We did it! We successfully flew halfway across the country and back with a 7-month-old. And we enjoyed ourselves during the process. L did beautifully, and this trip gave us more confidence for traveling in the future.
I had been dreading the thought of flying with an infant since before she was even born. We’ve all heard the horror stories, and most of us have been trapped in a confined space with an unhappy child much to our dismay. I didn’t want to be those parents. But after lots of research, a good case of homesickness, and many prayers we got geared up to book the flights.
I’m going to do a few posts, walking you through our travel preparations and trip to share what we’ve learned, what worked, and what we’ll do differently next time. Let’s start with the basics:
The very first thing I’m going to tell you is to relax and be flexible. It will most likely not be half as bad as you have it made out in your brain to be. L did so well she actually brought joy to our surrounding passengers with her bright smile and sunny disposition. As I’m sure you’ve also learned by now, our kids respond to the way we react. They are looking to us to gauge how to behave and how they should be feeling. If we are happy and calm, they have a greater chance of following suit. Once you have your mind set that you are going to enjoy yourself and it’s going to be a fantastic trip, you can move on to the logistics.
Start Planning Early
If you are flying, try to book as early as possible to get the best rates. I thought using comparative websites was the way to go, however, we discovered some airlines are not even part of the companies listed. Visiting the airlines’ sites directly provided much cheaper rates. If your schedule allows make sure to check the dates surrounding your preferred departure and arrival days. The difference between leaving on a Friday versus leaving on a Sunday could save you a substantial amount of money.
Also keep in mind layovers. As an adult they can be annoying enough, and with a child they are probably not going to be a whole lot better. It may be worth the extra bucks to go for the direct flight. We actually experienced both. On the trip there we had a 2-hour layover in Chicago, and returning we had a direct flight. The layover itself wasn’t bad, but it extended the day enough that by the time we boarded our next flight L was pretty ready to be done (as we all were). If you do have to have a connecting flight, I would suggest having close to a 2-hour span between flights. After you de-board, get any gate-checked items, run to the restroom, change diapers, possibly grab something to eat and drink, you want a minute to regroup at the gate and not be running through the airport trying to catch a plane.
Work out the Details
Check your airline’s requirements for identification, baggage allowance, extra fees, and check-in procedures. In addition to our photo IDs, we had to have a copy of L’s birth certificate. You need to see if they require you to purchase an extra seat for your child, or if he/she can sit on your lap if you prefer. Also, don’t forget about the baby gear, can you gate-check car seats and strollers and if so is there an added charge? We were very pleased with Southwest. For each passenger that purchases a ticket you get 2 checked bags, a carryon, a small personal item, and we could check L’s stroller and car seat at the gate for free. Since my husband and I both had seats of course, that doubled our allowance. That is a lot of luggage included in the price of our tickets.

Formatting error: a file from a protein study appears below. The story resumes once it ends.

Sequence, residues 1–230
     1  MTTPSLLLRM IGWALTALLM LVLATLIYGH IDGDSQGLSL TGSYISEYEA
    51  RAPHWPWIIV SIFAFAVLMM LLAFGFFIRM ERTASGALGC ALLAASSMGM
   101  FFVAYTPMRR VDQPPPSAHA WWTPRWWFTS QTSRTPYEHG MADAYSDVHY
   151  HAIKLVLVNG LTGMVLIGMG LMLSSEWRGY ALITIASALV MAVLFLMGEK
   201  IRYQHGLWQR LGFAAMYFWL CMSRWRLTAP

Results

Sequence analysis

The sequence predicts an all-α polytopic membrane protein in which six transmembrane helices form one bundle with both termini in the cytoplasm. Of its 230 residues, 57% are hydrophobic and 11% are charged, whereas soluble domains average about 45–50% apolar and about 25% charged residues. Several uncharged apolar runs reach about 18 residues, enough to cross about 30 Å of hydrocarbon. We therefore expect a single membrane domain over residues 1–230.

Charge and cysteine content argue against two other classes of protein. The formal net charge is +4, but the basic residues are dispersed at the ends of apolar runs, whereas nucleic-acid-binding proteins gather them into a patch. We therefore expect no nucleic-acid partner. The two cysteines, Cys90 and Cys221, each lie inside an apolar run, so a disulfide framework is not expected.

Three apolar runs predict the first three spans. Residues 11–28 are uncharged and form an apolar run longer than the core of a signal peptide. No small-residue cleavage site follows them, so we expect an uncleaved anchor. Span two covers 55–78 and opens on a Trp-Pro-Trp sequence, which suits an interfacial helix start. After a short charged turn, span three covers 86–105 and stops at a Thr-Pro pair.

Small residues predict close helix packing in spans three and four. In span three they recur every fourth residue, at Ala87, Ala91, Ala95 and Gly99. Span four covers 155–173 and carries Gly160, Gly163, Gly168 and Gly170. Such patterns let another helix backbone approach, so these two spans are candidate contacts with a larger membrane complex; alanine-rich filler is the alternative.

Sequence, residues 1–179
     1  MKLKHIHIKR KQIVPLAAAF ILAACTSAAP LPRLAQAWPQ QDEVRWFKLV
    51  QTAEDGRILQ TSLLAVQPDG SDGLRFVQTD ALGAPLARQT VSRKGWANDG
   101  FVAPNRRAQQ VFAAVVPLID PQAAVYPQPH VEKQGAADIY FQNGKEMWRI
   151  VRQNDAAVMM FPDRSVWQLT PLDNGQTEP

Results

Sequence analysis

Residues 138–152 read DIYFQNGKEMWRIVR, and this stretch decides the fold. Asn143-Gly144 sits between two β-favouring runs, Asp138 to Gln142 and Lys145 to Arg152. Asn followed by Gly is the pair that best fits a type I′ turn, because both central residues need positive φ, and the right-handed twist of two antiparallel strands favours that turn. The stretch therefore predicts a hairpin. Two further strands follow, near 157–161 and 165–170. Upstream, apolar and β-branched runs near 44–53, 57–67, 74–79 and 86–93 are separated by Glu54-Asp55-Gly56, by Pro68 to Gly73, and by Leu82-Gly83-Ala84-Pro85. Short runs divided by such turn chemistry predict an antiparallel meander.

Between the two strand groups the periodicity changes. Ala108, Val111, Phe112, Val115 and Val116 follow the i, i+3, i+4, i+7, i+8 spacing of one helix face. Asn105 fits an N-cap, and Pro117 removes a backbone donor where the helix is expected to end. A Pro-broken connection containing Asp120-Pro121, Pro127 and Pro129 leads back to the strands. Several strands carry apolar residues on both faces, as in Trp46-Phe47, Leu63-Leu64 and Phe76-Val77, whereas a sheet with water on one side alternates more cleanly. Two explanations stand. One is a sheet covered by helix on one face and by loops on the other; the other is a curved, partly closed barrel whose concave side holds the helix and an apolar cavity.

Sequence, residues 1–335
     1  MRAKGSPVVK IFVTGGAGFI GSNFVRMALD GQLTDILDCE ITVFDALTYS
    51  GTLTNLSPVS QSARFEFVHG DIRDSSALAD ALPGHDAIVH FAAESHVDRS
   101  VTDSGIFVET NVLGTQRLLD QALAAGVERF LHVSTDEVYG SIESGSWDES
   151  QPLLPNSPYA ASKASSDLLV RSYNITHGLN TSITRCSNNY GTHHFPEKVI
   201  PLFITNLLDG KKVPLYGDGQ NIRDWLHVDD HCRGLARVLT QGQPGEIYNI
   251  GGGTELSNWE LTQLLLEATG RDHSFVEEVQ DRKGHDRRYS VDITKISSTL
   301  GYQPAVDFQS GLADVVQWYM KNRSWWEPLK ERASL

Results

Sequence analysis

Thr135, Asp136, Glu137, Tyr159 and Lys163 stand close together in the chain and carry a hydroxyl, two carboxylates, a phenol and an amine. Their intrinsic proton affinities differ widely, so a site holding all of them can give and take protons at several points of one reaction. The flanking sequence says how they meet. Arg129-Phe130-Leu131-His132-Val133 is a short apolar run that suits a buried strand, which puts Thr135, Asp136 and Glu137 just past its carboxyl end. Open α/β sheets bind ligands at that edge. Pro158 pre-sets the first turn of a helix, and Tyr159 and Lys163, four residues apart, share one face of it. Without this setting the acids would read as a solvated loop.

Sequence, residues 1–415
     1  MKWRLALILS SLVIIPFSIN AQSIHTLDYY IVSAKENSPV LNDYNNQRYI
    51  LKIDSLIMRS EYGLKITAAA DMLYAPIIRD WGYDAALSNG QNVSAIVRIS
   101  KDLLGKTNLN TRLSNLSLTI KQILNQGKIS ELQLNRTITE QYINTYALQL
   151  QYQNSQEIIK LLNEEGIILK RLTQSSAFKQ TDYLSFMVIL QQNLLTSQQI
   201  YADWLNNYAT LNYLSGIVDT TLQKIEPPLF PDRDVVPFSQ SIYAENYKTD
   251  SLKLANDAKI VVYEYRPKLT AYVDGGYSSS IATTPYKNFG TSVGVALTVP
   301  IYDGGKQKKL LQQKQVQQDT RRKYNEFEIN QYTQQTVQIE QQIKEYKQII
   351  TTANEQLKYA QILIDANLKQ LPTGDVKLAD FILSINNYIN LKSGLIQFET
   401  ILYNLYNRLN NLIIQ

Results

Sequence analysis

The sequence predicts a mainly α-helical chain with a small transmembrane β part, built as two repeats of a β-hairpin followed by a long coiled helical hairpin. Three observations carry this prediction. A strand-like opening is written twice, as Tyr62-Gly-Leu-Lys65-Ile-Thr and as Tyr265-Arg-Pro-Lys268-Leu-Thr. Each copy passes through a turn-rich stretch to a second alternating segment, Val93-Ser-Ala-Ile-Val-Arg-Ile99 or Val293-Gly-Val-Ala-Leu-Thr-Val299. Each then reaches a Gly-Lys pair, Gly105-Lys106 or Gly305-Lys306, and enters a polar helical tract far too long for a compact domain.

Review TSA’s website to make getting through security easier. You are allowed to bring along liquids, such as breast milk, in quantities greater than 3 ounces; they will just need to be presented for inspection.
Try to set other bookings you may need at this time, as well. Hotels, car rentals, tours, long term parking, and transportation to and from the airport are all things you’ll be happy to have out of the way before you arrive. Check travel websites and your airline for package deals and promotion codes.
Around the House
A few final things to consider when starting to plan a trip is making sure everything will be safe and in order while you are away. Have your mail and newspaper held till you return unless a neighbor can collect them. Make arrangements earlier than later for pet care, having your plants watered, and for someone to stop by and check on the house if possible. Ensure your bills are paid and nothing will come due during your absence. It’s also a good idea to take a moment and notify your credit card company that you will be out of the area and to expect those charges. You may also want to check with your pediatrician depending on your child’s age and health to be aware of any special concerns. This is especially true when traveling internationally. Double check you’ll have enough of any prescription medications and the proper way to transport them through security in your carryon. And lastly, I recommend trying to clean the house before you go. I know, this sounds kind of lame and over the top, but if you can swing it, it’s well worth the effort when you walk in the door after a long time away and you can just relax and enjoy your home.
Getting these things in order is the first step to having a wonderful vacation and enjoying your time away. In the next post we’ll look at what to pack, how to travel light, and the best attire for the trip.
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